Demand refers to the quantity of a product that a consumer is willing and able to buy at a given price. From this definition, you can pinpoint two words, "willingness" and "ability to buy". 

Willingness to pay implies the desire for a good. 

The ability to buy implies consumers should be able to pay for what he is willing to buy. The ability to pay is usually based on consumer income. If any of the two factors are not present, then, there is no effective demand.

Willingness and ability to pay differentiate demand from want because demand is want or need backed by the willingness and ability to pay. 

For example, John may be willing to buy a pen but be unable to pay the price; Daniel may be able to buy a pen but be unwilling to do so. 

Neither John nor Daniel has an effective demand for the pen. John and Daniel can be said to merely want a pen but do not demand it.

What a consumer pays for particular goods or services is known as price. A specific unit of a good that individuals are willing and able to buy is called the quantity demanded.

When the price of goods increases, the quantity demanded decreases; when the price of goods decreases, the quantity increases. 

Economists called this "the law of demand". The law of demand holds all other factors constant. 

The inverse relationship between price and quantity demanded may be represented on a table. 

Economists call this table demand schedule. A demand schedule shows the quantity demanded at different prices.
Here is an example
Demand schedule
The above information can also be represented on a demand curve

A demand curve is a graphical representation of the quantity demanded at each price. 

It is essentially a graphical view of the price and quantity pairing listed in the demand schedule. 

A typical demand curve is downward-sloping, reflecting the inverse relationship between quantity demand and the price of the goods. Here is a demand curve.

Demand curve

Differences Between Change In Demand And Change In Quantity Demand.

In economics, the change in quantity demanded is not the same as the change in demand. Thus, it is necessary that we distinguished between these two phenomena. 

As you just saw above, when own-price changes, the quantity demanded also changes, this is called a change in quantity demanded or movement along the same demand curve.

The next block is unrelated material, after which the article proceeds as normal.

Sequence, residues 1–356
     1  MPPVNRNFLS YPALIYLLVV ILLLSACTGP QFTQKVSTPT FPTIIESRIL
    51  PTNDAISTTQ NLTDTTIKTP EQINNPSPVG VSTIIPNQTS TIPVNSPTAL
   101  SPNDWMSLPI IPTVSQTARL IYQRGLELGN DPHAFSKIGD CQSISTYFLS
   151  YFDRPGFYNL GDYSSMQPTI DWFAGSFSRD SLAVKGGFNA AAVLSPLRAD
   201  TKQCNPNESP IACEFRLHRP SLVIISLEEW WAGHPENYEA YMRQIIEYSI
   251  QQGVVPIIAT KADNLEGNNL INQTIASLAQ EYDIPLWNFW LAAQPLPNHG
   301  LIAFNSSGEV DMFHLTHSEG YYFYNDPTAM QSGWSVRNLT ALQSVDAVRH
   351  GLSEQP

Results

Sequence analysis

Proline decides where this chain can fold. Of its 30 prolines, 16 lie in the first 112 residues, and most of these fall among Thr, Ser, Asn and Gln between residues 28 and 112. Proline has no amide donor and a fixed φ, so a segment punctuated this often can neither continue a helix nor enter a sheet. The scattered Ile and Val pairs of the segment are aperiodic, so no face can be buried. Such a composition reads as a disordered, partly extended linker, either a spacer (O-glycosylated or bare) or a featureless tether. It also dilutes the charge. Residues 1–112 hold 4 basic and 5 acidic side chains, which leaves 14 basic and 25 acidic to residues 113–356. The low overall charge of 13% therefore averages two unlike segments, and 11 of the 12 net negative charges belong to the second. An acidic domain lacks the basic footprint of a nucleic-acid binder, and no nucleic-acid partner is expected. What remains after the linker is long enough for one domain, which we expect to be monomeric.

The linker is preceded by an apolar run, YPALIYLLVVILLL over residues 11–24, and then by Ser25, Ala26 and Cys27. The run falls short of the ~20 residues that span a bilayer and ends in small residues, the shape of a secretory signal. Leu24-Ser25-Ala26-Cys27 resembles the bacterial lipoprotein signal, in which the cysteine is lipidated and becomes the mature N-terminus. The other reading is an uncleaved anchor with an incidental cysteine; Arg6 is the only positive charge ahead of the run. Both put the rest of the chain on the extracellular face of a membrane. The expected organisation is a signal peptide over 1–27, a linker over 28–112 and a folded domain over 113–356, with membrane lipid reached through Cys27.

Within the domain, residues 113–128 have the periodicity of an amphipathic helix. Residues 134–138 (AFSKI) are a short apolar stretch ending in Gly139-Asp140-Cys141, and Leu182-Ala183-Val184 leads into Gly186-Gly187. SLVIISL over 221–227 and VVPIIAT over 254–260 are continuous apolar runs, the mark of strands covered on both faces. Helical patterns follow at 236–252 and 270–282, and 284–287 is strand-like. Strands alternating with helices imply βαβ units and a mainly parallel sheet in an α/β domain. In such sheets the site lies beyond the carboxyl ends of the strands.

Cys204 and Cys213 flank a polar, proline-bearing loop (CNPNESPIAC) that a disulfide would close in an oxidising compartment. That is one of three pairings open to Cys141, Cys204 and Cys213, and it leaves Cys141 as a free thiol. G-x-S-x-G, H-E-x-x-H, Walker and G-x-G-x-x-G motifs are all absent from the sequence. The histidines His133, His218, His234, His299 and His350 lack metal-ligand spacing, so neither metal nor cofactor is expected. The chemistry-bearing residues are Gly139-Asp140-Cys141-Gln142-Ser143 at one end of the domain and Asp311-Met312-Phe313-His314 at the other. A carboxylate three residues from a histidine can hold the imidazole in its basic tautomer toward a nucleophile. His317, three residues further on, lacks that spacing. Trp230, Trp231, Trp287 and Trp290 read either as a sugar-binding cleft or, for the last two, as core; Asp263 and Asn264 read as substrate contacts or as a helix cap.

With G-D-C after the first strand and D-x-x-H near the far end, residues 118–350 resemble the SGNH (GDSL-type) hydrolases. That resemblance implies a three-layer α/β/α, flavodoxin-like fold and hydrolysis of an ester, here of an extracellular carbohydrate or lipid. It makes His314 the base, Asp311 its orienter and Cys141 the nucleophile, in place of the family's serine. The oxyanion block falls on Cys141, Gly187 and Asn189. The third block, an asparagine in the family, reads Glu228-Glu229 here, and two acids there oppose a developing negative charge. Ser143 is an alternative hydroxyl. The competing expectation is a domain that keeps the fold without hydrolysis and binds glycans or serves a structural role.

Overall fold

Changes in quantity demanded are usually attributed to changes in good own price. 

The rate at which quantity demanded changes concerning price changes can be measured by the price elasticity of demand.

Change in demand, on the other hand, is caused by non-price. What are these other factors that affect demand? and how do they affect demand? this and more are answered below:


For demand to be effective, it must be characterized by the ability to pay. 

Your ability to pay invariably hinges on your income. To a large extent, this is determined by your budget constraints

Generally, there is a direct relationship between income and quantity demanded. This means an increase in income will cause an outward shift in demand (to the right). 

Goods and services characterized by this kind of relationship are called Normal goods.  Houses and cars are examples of normal goods. 

Though most goods and services are normal goods, there are exceptions. 

These exceptions are characterized by a negative relationship, with less being demanded as income rises, and more demanded as income decreases. Economists called these goods inferior goods

An example of such goods is secondhand cars. With a lower income, the consumer will have no choice but to settle for such a car. As his income increases, he would likely buy a new car instead of a secondhand car. 

However, for some goods, a change in income does not necessarily affect their demand. These kinds of goods are called neutral goods.

If you want to learn more about how income affects quantity demanded, read my blog post on income elasticity of demand here.

Price of related goods

Like I said before, the demand for goods is also affected by the price of related goods. Two kinds of goods can be identified here: substitute goods and complementary goods

Speaking of substitute goods. Let's assume that there is an increase in the price of Coca-cola. Consumers, who don't see any difference between Pepsi and Coca-cola would prefer to buy Pepsi. 

After all, Pepsi is now cheaper than coca-cola. Thus, the demand curve for Pepsi will shift outward(to the right), and the demand curve for Coca-cola may shift inward(to the left). 

One thing you should note about substitute goods is that the change in demand for the two goods largely depends on the degree of substitutability of the two goods concerned. The higher the substitutability, the more likely the goods can be substituted 

Complimentary goods, on the other hand, enhance the consumer satisfaction derived from each one.